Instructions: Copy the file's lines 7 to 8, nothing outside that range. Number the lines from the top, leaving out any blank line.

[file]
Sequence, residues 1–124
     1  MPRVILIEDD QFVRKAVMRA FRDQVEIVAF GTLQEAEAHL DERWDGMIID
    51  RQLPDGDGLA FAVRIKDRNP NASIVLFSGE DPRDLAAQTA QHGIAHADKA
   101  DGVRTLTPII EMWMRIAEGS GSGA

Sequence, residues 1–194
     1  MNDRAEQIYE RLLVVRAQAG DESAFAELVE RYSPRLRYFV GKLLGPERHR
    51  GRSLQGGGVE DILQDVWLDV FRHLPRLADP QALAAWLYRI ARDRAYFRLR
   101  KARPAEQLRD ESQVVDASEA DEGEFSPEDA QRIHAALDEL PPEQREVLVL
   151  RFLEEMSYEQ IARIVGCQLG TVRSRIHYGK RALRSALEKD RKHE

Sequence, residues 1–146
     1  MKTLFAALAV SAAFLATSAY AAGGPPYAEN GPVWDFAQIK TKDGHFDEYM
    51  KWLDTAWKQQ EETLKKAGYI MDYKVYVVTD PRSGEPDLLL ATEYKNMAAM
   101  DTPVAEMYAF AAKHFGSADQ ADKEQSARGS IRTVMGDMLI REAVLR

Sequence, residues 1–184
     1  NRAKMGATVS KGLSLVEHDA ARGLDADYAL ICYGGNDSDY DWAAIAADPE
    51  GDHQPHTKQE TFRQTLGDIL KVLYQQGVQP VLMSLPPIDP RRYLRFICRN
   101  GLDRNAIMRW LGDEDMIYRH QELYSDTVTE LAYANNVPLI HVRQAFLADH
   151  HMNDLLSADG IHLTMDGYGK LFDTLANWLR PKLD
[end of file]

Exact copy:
    51  GRSLQGGGVE DILQDVWLDV FRHLPRLADP QALAAWLYRI ARDRAYFRLR
   101  KARPAEQLRD ESQVVDASEA DEGEFSPEDA QRIHAALDEL PPEQREVLVL